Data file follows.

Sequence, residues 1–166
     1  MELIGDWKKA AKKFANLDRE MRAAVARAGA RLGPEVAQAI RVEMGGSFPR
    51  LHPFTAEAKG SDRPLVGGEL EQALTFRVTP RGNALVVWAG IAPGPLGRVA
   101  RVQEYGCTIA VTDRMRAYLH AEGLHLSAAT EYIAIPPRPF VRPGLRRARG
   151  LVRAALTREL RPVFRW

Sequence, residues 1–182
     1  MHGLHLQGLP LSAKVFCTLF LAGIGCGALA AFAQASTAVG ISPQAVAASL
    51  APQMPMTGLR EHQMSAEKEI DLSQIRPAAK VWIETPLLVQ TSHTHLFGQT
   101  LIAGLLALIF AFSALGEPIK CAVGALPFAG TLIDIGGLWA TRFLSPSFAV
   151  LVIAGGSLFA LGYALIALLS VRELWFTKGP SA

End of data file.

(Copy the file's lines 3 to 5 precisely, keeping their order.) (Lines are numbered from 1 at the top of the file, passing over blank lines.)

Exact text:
    51  LHPFTAEAKG SDRPLVGGEL EQALTFRVTP RGNALVVWAG IAPGPLGRVA
   101  RVQEYGCTIA VTDRMRAYLH AEGLHLSAAT EYIAIPPRPF VRPGLRRARG
   151  LVRAALTREL RPVFRW